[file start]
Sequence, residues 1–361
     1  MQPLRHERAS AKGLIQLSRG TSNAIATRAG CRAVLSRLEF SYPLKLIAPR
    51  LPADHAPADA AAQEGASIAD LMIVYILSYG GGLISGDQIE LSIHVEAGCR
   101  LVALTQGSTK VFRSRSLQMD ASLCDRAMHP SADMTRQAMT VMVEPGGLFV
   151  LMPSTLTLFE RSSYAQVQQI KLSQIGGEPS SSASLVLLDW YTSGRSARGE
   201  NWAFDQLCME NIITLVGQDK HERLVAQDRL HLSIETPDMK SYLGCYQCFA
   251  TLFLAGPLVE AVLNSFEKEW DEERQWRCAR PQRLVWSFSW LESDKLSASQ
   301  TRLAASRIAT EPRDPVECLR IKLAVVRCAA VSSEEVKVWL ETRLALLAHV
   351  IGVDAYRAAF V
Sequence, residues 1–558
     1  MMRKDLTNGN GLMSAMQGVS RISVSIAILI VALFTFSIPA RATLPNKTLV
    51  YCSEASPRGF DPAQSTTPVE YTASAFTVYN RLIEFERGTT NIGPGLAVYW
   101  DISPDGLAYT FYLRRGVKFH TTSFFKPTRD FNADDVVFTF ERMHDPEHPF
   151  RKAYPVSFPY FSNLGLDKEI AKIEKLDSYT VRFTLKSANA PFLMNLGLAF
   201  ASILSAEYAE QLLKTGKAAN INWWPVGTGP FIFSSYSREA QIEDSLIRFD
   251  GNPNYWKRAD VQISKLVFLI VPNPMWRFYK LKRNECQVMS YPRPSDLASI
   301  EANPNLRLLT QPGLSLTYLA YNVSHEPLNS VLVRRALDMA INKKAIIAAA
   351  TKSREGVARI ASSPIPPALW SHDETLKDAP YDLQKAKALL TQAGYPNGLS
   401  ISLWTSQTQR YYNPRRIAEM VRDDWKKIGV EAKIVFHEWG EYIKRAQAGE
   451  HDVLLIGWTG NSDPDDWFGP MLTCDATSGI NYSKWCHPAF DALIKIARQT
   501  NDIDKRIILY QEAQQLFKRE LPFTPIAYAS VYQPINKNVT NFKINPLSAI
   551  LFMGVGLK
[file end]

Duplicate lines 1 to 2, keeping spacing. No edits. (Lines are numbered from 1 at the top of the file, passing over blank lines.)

Sequence, residues 1–361
     1  MQPLRHERAS AKGLIQLSRG TSNAIATRAG CRAVLSRLEF SYPLKLIAPR